On the opposite side of the spectrum one can find the Philadelphia 76ers who have been doing the opposite of spending money in the recent past. The 76ers have been “tanking” for the past few years and one can find the evidence in the salary data and win column. For example, in 2016 the 76ers spent about $35,000,000, by far the lowest in the league, and won 10 games.
On the other hand, one can find examples of teams spending money well and being rewarded with regular season wins. The first example of this can be found with the 2011 Bulls and the 2004 Spurs. These two teams spent roughly $57,000,000 and $58,000,000 respectively but also had 62 and 57 wins respectively. This becomes far more impressive when one compares the 2004 Spurs to the 2004 Mavericks. In 2004 the Mavericks spent roughly 99,980,000 on their players but only won 52 games to the Spurs 57.
When examining the correlation between amount spent and total wins, we can see that it is extremely small. The exact amount is measured at 2.9175e-07
The main implication from this graph is that for regular season wins there is a small correlation between spending money and winning. Most teams fell into the middle of the graph while there were some outliers that pulled the graph either way.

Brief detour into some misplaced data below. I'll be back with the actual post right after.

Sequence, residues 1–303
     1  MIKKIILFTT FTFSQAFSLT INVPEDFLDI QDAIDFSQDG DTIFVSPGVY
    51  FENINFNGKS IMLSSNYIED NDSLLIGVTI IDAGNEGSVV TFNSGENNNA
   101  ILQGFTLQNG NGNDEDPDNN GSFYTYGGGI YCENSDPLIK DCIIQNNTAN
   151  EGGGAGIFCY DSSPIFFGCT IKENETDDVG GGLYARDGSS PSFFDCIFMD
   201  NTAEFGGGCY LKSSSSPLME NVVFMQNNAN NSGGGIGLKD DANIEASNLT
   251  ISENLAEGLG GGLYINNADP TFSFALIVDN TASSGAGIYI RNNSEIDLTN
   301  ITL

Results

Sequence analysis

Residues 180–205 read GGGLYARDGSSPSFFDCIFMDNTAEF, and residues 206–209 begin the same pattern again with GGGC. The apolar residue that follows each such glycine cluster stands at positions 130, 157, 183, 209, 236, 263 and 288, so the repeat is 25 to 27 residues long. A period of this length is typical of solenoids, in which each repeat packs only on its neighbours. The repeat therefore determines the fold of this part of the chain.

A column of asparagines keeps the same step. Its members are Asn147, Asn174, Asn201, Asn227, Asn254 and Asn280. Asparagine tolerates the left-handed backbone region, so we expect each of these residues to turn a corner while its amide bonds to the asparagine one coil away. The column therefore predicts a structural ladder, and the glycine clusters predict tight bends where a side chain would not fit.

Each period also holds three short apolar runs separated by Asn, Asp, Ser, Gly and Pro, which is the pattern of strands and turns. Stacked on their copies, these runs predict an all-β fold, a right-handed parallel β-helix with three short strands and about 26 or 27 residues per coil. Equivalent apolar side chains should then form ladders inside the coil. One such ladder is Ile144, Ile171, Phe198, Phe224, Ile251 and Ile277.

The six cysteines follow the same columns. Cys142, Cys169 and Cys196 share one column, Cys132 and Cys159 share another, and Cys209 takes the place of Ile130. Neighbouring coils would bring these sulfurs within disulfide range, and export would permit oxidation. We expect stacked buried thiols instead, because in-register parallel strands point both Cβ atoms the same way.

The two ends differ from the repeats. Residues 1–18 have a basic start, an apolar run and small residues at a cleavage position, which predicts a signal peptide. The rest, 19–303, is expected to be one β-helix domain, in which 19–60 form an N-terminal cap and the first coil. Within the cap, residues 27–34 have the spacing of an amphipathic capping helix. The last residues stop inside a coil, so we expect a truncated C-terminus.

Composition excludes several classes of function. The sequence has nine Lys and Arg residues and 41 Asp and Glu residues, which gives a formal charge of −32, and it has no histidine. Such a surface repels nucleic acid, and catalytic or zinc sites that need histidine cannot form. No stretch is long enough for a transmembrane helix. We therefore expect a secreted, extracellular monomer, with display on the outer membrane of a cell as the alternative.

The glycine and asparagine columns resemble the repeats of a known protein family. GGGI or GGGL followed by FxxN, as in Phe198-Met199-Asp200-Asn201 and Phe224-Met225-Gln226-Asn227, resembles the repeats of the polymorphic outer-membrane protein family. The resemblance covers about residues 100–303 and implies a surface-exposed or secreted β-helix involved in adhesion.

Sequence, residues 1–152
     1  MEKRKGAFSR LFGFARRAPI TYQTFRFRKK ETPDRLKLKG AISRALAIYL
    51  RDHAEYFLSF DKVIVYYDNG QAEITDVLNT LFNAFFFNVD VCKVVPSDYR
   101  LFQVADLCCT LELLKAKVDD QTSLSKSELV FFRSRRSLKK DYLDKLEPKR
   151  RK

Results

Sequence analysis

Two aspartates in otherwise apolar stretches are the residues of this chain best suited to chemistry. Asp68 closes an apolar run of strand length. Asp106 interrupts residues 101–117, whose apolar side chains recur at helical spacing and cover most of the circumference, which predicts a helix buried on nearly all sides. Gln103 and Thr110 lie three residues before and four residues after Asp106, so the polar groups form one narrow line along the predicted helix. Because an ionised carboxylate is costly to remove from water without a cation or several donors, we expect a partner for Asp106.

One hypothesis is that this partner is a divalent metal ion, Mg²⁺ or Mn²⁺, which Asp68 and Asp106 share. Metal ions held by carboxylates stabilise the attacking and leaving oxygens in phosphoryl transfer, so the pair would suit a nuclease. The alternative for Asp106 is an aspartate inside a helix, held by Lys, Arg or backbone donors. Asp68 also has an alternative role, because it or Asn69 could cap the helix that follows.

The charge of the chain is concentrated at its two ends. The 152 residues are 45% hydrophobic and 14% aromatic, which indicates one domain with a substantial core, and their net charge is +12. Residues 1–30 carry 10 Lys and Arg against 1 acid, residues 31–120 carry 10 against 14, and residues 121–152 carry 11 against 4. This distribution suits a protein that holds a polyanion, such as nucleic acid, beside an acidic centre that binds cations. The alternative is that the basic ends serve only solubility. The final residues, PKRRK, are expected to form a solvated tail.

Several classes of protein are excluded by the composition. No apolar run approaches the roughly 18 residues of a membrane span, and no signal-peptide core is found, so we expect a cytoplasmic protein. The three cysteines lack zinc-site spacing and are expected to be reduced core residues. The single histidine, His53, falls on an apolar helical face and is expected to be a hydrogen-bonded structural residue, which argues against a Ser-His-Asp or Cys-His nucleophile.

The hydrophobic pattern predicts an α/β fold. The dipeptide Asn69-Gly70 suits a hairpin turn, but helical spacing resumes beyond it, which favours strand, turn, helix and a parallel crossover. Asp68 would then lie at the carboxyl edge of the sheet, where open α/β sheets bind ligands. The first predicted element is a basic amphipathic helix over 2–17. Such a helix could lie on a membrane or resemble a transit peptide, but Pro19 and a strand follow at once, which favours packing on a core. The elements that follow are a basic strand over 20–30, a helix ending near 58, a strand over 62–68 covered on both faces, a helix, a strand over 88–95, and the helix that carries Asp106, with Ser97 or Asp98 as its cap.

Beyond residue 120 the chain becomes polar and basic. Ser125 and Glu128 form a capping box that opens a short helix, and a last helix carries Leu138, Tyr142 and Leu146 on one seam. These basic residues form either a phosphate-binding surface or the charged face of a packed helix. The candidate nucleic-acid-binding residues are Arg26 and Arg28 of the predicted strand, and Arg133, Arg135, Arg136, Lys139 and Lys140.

Analysis of Data Visualization 2
The next graph examines whether or not it was worth it for teams to pay luxury tax money in the regular season. The first thing to note in this is that a lot of teams are choosing not to pay the luxury tax. A lot of team are steady on the zero line. As one can see however, some of these teams also went on to win a lot of games and championships.
One team to note that went way over the Luxury and didn’t get much result to show for it was the Brooklyn Nets. In 2014 the Brooklyn Nets spent roughly 91,000,000 in Luxury Tax penalties and were only rewarded with 44 wins. We can assume that ownership expected something more in the 50 or 60 range when paying that much money and, as one will see later, expect a lot more in the playoffs as well.
In addition, team that just set the record for most regular season wins, the 2016 Golden State Warriors, did not pay any luxury tax.
However, when I looked closer at the average amount teams paid in luxury tax depending on if they won the championship or not the results were significant. On average, teams that did not win the championship paid around $3,300,000 in Luxury Tax while teams that won championships paid around $6,382,315.